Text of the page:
Dante Gabriel Rossetti's "Absurd," Antiquarian, and "Modern-Antique" Medievalism(s): Girlhood of Mary Virgin, the Bride's Prelude, and "Stratton Water"

Article excerpt

"I wish ... that you would not attempt to defend my mediaevalisms, which were absurd, but rather say that there was enough good in the works to give assurance that these were merely superficial. My picture should be described as the 'Girlhood' & by no means 'Education.'" (1) So wrote Dante Gabriel Rossetti to his brother in September 1851 after reading a draft of "Pre-Raphaelitism," the article defending the early paintings of the Pre-Raphaelite Brotherhood (1848-53) that William Michael would revise and then publish in the Spectator on October 4 of that year. (2) Coming as they do less than a year after the exhibition of Ecce Ancilla Domini! (1850-51) (the only other picture besides Girlhood of Mary Virgin [1849-50] to which the word "works" can refer), Rossetti's remarks raise questions that are both sharply focused and far-reaching as regards the relationship between Pre-Raphaelitism and medievalism. What precisely are the "mediaevalisms" in Girlhood of Mary Viran and Ecce Ancilla Domini! and why, in retrospect, did Rossetti regard them as "absurd"? How do his remarks reflect a shift in his thinking about "mediaevalisms" and their artistic uses and, if so, when and why did this shift occur and where and how does it fit into the narrative of Pre-Raphaelite medievalism in which Rossetti provides the link between the first and second generations of Pre-Raphaelites? What, if any, was the relationship between Rossetti's medieval revivalism (and, more generally, his deferential attitude to the Middle Ages) and the truculent progressivism--the iconoclastic "determin[ation] to respect no authority that stood in the way of fresh research in art"--that William Holman Hunt regarded as the driving force of Pre-Raphaelitism (1: 111)? Because these questions are far-reaching as well as sharply focused, they benefit from being briefly placed in the historical and artistic context in which the PRB coalesced in September 1848 and dissolved in November 1853.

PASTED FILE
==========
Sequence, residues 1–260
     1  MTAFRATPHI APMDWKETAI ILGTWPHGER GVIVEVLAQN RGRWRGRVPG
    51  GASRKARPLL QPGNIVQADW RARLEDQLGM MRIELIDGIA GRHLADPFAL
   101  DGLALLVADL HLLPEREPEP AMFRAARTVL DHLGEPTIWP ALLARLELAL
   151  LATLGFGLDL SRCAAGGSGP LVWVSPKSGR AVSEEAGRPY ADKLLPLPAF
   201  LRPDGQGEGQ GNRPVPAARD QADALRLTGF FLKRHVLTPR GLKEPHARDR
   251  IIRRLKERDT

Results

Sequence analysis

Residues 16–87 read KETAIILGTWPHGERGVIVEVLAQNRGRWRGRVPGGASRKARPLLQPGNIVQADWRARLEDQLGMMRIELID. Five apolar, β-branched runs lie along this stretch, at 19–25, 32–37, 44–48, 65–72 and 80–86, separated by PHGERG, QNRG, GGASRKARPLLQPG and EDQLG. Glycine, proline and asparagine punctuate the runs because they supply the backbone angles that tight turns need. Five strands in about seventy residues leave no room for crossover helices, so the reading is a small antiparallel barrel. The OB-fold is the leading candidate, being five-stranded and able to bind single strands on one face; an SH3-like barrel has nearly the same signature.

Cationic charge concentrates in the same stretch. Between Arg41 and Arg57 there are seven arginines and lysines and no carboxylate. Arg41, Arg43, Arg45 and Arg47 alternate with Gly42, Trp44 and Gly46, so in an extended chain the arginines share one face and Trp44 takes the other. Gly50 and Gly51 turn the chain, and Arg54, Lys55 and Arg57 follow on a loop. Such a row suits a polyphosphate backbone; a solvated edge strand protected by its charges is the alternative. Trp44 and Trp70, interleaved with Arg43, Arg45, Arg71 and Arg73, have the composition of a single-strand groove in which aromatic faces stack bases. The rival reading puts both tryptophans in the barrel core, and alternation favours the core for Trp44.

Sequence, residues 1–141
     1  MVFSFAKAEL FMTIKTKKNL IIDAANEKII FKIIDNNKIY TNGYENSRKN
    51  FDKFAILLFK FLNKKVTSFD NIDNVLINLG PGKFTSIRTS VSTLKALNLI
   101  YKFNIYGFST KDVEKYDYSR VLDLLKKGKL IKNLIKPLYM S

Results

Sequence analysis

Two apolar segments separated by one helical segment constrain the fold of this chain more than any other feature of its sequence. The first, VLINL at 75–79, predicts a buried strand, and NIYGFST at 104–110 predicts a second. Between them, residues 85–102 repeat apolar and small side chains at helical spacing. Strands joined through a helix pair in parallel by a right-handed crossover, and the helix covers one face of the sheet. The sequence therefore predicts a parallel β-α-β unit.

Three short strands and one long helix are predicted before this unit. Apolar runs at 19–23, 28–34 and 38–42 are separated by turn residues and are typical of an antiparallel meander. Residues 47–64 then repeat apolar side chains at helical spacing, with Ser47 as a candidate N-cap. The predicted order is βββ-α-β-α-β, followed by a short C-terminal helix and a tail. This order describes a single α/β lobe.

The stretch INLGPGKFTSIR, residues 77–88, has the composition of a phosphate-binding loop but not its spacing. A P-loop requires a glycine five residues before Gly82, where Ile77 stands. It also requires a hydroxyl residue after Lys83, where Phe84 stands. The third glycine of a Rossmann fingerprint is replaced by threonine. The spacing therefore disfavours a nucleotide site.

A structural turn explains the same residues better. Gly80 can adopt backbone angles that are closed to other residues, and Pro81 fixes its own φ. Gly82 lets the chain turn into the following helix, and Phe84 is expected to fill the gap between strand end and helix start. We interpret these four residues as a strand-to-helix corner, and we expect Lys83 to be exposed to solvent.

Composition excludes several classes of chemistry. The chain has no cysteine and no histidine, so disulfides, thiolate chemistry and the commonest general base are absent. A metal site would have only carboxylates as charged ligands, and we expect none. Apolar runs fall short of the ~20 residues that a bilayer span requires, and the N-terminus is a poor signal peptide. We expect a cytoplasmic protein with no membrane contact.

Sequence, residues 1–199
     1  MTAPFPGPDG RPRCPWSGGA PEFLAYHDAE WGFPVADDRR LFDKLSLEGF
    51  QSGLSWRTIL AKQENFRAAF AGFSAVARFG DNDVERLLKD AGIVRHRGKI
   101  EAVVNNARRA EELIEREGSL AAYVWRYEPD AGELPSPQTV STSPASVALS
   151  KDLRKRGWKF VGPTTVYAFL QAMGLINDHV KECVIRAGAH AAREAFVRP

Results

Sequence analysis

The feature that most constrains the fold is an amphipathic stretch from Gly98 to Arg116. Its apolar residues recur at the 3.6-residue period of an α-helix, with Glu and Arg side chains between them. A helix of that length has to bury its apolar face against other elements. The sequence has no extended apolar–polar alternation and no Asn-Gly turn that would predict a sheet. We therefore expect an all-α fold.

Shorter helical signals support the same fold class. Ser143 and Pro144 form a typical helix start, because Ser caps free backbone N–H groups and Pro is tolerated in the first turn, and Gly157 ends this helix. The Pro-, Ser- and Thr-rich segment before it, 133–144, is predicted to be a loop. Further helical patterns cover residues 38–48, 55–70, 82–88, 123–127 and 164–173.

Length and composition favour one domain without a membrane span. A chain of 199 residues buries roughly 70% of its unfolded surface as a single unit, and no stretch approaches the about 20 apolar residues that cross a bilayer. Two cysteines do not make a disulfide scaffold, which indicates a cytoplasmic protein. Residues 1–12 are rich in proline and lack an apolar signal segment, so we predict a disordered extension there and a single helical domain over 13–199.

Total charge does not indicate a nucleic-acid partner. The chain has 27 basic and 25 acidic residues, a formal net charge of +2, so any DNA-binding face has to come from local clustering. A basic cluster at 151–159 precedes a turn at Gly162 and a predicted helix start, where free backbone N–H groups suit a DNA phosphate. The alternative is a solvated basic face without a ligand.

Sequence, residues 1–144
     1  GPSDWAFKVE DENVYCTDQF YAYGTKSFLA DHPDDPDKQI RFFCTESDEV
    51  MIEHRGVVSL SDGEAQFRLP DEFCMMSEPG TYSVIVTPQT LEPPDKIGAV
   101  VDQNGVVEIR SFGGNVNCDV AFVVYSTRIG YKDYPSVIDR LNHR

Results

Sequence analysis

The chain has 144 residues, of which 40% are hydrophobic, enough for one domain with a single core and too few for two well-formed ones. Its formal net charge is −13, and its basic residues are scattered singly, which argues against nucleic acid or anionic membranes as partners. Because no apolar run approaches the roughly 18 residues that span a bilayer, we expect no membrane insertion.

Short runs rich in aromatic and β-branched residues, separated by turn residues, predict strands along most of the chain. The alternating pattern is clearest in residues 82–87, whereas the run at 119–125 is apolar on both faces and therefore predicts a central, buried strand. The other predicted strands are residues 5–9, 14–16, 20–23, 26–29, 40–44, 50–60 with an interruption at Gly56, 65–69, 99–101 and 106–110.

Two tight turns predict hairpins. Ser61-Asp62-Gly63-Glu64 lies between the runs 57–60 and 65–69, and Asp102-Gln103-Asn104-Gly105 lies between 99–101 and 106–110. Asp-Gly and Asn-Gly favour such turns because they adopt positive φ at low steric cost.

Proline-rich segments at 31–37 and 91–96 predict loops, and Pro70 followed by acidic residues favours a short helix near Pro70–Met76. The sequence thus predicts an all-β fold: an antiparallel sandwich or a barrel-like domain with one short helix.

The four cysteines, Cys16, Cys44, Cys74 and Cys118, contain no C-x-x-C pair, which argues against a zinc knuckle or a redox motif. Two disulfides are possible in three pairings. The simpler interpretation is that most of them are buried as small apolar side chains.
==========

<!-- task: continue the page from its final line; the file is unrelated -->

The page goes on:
London in the late eighteen forties and early eighteen fifties was increasingly stocked with manifestations of both progressivism and revivalism. On the one hand, was what Walter Benjamin calls the "economically and technologically based" "constellation of phantasmagorias" that were in the process of transforming mid-nineteenth century cities like London into concretions of modernity: the arcade, the panorama, the plate-glass shop window, and, of course, world exhibitions such as the one in the Crystal Palace in 1851. (3) On the other hand, were the architectural and religious manifestations of an incipiently anti-modern desire to recover and reinstate aspects of the past: the decorated altars and surpliced choirs of the High Church movement, such Gothic-revival churches as A.W.N. Pugin's St. Augustine, Ramsgate (1844-51) and William Butterworth's All Saints', Margaret Street, London (1850-59) and, of course, Sir Charles Barry's new Houses of Parliament (1840-60). In many places and instances, these competing forms and their underlying principles existed parasitically within and upon one another: Pugin had a medieval court beneath the glass and iron dome of the Crystal Palace to display his wares and used concealed iron bars to support the walls of his neo-Gothic buildings.4 Between 1845 and 1855, visitors to the Colosseum (1824-32), a massive pleasure dome designed to display a panorama of London but decorated so as to reflect "'antiquity,'" could ascend to a viewing platform in a steam-powered elevator decked out in the "Tudor style." (5) The "mediaevalisms" of Girlhood of Mary Virgin and Ecce Ancilla Domini! are painted on a white primer in emulation of early Italian artists, but in oils squeezed from lead tubes and on canvas sealed with "commercially prepared priming."6 In this regard, it is notable that in "Pre-Raphaelitism," William Michael does not insist strongly that Pre-Raphaelitism is "distinct" from "mediaevalism of thought" but focuses instead on the artistic "practice," of the Pre-Raphaelites" in "so far as. …


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